Friday, 13 May 2011

Venezuela to increase minimum wage

Venezuela: President Chavez announces 25% increase in minimum wage
Source: Correo del Orinoco International, No 61, April 29, 2011.

An additional 45% increase was announced for those working in the public sector at all different pay grades and levels, marking the first increase for public servants earning above minimum wage since 2008.

In celebration of International Workers’ Day on May 1st, Venezuelan President Hugo Chavez announced last Monday that residents earning the nation’s monthly minimum wage of 1,224 bolivars ($284) will soon see a 25 percent increase in their salary as well as other, non-monetary benefits designed to further enhance living standards for the population.

“For the twelfth consecutive time, we are announcing a salary increase. Here, we aren’t going around cutting wages or pensions” like in other countries, Chavez said during a Ministerial Cabinet meeting that took place in the presidential palace of Miraflores. The raise will be divided into two stages. The first hike, of 15 percent, will be made effective as of May 1st and the second, of 10 percent, will be allocated to workers beginning in September.

As a result of the raise, the total monthly minimum of those working in Venezuela will now be set at 1,548 bolivars ($360), one of the highest in Latin America.

According to the Venezuelan head of state, the measure will also increase incomes for more than 2 million pensioners and will benefit nearly 350 thousand state workers currently earning the minimum wage. Also benefiting from the measure will be nearly 100 thousand economically disadvantaged women who are granted 80 percent of the minimum wage salary through the government program Madres del Barrio or Mothers of the Shantytowns.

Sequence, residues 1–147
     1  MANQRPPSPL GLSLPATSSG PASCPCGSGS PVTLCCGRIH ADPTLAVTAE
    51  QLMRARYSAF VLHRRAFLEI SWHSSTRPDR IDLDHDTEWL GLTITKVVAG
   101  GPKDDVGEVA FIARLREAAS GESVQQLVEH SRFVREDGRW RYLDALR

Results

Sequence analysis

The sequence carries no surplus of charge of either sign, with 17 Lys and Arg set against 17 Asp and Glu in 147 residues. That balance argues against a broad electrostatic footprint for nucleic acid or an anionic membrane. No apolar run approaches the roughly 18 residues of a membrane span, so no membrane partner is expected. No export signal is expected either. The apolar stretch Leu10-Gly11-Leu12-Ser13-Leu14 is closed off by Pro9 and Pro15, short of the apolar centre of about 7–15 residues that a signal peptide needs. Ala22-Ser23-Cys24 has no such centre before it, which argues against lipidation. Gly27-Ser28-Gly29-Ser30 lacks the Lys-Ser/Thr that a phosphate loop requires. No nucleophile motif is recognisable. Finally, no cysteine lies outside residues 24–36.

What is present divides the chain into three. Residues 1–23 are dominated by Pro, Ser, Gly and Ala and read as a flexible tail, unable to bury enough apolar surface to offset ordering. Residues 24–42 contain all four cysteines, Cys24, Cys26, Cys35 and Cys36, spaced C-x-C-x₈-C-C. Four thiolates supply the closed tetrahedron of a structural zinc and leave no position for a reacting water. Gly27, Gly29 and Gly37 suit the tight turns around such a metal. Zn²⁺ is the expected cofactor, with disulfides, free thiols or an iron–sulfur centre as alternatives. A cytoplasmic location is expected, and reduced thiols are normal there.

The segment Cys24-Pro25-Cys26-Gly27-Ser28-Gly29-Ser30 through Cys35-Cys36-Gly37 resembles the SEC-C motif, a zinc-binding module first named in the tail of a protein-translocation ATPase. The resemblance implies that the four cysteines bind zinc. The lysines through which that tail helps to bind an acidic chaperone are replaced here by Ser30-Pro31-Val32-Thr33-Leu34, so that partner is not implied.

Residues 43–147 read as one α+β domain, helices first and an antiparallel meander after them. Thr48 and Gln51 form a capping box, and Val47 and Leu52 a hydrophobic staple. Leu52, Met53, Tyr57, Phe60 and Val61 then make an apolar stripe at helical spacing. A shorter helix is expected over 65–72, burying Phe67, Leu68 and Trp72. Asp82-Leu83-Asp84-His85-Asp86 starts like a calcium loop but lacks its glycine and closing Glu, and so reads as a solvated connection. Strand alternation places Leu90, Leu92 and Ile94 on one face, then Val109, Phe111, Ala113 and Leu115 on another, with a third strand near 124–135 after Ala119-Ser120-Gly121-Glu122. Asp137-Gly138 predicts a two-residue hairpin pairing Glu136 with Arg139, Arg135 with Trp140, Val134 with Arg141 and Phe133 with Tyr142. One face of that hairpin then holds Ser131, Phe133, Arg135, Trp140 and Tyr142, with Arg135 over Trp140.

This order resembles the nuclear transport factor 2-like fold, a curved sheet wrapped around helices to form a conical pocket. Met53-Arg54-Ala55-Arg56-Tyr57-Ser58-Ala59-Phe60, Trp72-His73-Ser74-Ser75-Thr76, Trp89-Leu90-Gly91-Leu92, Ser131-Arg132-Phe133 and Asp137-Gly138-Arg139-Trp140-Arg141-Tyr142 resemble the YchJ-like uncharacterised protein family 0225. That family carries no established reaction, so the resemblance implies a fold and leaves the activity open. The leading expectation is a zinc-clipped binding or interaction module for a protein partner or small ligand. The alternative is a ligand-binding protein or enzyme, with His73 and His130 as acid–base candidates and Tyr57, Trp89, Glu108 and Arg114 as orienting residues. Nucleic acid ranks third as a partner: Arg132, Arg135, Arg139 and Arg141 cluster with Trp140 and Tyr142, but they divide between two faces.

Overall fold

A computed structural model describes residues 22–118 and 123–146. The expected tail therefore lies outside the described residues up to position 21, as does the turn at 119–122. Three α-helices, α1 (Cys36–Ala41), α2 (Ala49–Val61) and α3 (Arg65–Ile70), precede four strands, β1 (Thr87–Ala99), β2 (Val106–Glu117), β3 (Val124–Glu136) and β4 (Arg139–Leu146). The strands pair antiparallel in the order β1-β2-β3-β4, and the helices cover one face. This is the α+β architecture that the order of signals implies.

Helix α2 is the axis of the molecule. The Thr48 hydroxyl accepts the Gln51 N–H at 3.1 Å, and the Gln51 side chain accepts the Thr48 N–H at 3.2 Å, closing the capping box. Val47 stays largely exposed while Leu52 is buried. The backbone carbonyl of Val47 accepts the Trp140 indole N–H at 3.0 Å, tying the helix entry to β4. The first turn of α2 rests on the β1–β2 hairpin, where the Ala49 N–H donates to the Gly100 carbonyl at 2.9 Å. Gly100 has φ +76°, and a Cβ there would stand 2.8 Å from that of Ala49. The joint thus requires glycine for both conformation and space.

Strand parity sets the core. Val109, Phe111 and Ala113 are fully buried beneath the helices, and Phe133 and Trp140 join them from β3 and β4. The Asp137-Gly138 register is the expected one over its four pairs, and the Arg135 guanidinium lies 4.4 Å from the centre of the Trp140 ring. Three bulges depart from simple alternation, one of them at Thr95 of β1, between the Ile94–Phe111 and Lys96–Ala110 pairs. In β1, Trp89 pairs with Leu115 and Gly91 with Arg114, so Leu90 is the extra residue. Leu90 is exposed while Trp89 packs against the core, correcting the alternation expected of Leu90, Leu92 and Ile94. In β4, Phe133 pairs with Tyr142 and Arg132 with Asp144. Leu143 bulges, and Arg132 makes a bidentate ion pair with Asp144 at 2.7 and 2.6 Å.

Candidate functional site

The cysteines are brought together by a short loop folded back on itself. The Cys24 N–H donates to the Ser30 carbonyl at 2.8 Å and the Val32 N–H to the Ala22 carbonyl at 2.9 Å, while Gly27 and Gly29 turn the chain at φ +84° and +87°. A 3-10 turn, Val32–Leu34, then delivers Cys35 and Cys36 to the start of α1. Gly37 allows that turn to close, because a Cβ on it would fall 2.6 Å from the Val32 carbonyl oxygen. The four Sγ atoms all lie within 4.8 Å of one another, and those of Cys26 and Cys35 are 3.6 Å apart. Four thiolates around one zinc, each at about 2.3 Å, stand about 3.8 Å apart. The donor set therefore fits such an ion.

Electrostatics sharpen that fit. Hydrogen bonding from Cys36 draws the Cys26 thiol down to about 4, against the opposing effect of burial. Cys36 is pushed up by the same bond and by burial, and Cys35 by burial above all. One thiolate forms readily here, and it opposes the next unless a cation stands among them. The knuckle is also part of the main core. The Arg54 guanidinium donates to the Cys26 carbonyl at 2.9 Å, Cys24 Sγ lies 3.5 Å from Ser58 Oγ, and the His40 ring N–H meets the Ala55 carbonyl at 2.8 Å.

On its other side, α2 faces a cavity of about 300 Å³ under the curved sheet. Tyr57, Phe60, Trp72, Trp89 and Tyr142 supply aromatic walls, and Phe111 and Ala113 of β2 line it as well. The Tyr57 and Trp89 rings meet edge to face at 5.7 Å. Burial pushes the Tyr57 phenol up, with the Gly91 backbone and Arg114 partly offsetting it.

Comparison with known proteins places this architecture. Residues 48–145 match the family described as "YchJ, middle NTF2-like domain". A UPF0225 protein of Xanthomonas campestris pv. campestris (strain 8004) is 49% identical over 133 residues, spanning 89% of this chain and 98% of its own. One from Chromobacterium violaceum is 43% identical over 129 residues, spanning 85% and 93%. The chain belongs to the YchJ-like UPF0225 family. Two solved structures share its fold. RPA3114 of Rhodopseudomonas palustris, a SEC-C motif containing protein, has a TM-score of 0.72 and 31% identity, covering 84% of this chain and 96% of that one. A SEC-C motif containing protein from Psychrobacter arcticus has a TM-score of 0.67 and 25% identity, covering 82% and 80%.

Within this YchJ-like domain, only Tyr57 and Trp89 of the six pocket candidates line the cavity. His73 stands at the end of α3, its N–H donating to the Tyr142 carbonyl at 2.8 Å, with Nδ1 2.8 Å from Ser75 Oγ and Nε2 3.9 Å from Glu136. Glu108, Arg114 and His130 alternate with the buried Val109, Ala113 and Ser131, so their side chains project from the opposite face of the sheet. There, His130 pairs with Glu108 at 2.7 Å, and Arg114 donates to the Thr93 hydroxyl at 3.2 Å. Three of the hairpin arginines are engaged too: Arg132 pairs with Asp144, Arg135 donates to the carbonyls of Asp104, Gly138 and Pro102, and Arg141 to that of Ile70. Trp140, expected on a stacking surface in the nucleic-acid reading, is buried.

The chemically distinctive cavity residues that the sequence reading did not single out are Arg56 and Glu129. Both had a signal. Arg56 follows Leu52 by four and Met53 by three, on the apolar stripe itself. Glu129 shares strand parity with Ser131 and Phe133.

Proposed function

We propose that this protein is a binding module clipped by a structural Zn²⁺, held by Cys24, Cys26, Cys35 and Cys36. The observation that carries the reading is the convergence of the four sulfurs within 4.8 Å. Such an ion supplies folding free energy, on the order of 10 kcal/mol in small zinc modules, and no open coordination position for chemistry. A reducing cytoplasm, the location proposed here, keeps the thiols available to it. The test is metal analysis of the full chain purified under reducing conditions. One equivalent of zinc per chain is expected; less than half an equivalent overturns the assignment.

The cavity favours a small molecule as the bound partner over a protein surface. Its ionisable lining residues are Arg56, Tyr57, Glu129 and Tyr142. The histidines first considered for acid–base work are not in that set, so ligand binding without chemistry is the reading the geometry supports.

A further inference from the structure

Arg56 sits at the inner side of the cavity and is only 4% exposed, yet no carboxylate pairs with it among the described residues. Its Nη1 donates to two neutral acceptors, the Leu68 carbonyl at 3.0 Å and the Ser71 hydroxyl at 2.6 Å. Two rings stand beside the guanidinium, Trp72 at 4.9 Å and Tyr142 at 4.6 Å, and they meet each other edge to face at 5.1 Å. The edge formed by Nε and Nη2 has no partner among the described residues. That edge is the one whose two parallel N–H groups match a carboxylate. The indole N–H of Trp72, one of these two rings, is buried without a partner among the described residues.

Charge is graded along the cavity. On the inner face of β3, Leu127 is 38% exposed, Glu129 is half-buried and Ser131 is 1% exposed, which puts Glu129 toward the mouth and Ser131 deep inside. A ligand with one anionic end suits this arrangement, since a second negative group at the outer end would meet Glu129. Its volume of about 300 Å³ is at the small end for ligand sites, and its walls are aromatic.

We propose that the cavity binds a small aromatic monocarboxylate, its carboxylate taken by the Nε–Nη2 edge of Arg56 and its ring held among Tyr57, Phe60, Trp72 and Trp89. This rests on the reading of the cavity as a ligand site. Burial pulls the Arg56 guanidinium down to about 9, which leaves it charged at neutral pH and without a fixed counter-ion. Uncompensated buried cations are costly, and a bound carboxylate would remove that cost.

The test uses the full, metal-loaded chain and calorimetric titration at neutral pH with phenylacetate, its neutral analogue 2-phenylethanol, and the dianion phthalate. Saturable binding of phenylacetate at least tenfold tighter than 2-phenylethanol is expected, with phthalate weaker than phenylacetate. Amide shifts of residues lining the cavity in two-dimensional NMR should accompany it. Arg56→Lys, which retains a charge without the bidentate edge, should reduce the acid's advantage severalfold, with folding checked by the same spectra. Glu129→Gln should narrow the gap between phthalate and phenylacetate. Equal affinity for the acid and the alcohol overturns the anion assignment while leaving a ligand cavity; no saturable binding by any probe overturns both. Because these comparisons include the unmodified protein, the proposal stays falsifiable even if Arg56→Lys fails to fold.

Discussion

The program, first started in 2006 by presidential decree, “is directed towards all women who perform house work and have dependents (children, parents or other family members) whose families do not receive an income or whose income is less than the cost of the basic food basket”, a government website states.

“Taking into account that house work should be compensated”, the site continues, “Madres del Barrio recognizes the value of the labor that women carry out in the domestic realm”.

In addition to the monetary increase, other benefits including food tickets used in the nation’s grocery stores in order to guarantee the affordability of basic staples will be added to the wage hike. Venezuela’s Food Law now mandates that all private companies provide their workers, irrespective of the number of employees, a basic food ticket package. Previous food ticket measures exempted employers with less than 20 workers from providing the additional benefit.

More than 5.7 billion bolivars ($1.32 billion) of state money has been allocated for the new increases as vacations and a yearly three month salary bonus, Chavez affirmed, will continue to be effective for all state employees. “We’ve been working a lot, calculating figures and looking for a way to sustain our decisions from the point of view of incomes and how to responsibly continue to raise the living standards for our working families”, Chavez said.